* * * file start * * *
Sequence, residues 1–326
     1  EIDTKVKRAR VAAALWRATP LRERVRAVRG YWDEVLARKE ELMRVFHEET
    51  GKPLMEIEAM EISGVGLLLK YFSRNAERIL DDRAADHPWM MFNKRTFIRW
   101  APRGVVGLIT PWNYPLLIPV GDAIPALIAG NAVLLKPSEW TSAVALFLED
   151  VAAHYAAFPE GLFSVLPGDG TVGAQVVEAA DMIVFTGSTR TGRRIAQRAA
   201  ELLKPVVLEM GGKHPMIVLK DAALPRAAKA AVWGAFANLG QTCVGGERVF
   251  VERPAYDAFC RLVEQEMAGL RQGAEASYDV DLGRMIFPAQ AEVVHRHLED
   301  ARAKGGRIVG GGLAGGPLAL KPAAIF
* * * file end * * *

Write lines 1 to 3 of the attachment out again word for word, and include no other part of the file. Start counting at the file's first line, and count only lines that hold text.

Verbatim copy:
Sequence, residues 1–326
     1  EIDTKVKRAR VAAALWRATP LRERVRAVRG YWDEVLARKE ELMRVFHEET
    51  GKPLMEIEAM EISGVGLLLK YFSRNAERIL DDRAADHPWM MFNKRTFIRW